Marketing your small business-the benefit of being interesting

I have studied the art and science of copywriting over the last five years, or thereabouts.

Copywriting, to define it simply, is the skill of writing words that persuade the reader to do something; it could be to change their mind, take a certain action, buy something.

I have read books by the greats of copywriting going back to the 1950s: books by John Caples, Gene Schwartz, Eugene Hopkins, David Oglivy, Robert Collier, Victor Schwab, Gary Halbert, to mention just a few.

One of the things you quickly learn is in order to get someone to take action after reding your words you must first get them to read them.

And to do that you need to drag them into your ‘copy’ with your headline.

The headline of your piece is critical because if it cannot get the reader to read on you simply cannot persuade.

Three techniques that work in a headline are to use certain trigger words; words like ‘new’ and ‘free’. People respond to these words because we all want to learn something new or get something for free.

Curiosity is also a good trigger to draw the reader in.

In the last few years, thanks to my YouTube videos, I have discovered another powerful tool, one which is related to curiosity.


Are you interesting?

Because, all things being equal, I have discovered that if you come across as an interesting person you will stand out from your competitors.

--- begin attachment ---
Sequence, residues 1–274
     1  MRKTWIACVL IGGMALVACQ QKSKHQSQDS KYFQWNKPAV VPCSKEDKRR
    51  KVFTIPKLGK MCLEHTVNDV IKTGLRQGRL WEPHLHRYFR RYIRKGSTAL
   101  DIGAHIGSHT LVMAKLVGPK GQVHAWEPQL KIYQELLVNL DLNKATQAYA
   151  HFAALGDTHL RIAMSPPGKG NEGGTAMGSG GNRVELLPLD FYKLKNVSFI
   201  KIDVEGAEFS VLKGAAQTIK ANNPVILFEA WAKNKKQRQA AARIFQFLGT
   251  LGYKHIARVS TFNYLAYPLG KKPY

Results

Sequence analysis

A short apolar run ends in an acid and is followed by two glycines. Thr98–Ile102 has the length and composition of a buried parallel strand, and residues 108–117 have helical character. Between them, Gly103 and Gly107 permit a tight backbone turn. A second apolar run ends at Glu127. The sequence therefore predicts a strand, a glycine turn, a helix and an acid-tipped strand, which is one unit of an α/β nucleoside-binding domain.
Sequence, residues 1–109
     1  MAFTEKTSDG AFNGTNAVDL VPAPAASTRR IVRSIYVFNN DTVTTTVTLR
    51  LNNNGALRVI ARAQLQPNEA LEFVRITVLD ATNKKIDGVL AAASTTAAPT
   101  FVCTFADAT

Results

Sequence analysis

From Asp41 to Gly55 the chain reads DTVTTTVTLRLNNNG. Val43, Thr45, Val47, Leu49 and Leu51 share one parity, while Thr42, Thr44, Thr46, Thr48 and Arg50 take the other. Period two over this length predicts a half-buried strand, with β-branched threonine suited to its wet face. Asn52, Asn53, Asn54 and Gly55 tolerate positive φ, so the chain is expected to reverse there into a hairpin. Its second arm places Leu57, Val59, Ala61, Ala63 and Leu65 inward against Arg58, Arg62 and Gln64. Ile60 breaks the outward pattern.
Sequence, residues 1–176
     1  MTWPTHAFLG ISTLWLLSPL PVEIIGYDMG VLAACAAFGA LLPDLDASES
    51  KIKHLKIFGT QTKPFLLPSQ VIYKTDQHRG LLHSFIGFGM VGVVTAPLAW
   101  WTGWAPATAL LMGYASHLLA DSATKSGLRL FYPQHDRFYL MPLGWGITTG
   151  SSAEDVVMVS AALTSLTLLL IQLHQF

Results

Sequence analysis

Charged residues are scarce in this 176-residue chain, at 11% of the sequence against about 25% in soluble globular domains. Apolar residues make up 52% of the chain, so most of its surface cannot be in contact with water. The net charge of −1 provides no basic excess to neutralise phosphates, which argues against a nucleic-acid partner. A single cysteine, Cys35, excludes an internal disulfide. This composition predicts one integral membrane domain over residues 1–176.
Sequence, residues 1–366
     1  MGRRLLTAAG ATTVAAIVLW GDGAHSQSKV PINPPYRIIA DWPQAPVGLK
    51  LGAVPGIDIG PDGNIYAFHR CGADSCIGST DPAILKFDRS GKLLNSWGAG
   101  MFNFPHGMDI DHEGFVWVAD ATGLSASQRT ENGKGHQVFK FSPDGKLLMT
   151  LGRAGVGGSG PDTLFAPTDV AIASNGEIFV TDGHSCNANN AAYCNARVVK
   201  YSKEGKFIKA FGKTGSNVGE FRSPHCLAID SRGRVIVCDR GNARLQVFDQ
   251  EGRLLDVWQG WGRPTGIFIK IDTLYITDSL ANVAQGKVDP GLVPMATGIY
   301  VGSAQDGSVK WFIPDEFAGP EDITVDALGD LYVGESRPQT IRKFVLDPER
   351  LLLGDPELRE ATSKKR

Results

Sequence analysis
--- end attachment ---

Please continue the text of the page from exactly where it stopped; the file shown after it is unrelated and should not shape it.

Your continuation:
You may not be better professionally, you may provide the same or similar services, but if you are interesting or remarkable or memorable you will be given more chances than your professional competition.

This is something I stumbled across accidentally because from time to time in my YouTube videos I have sometimes made reference in the videos to feeding the little birds around my home or to baking bread or reading certain books.

And then I have been asked at consultations or in meetings how is the baking going or am I still looking after the birds.

This thesis may be a difficult thing to prove from a marketing perspective, but I know from casual remarks in conversations with clients that this ‘interesting’ thing is similar to the ‘remarkable’ thesis set out by Seth Godin in his book, Purple Cow.

Consider trying it in your business.

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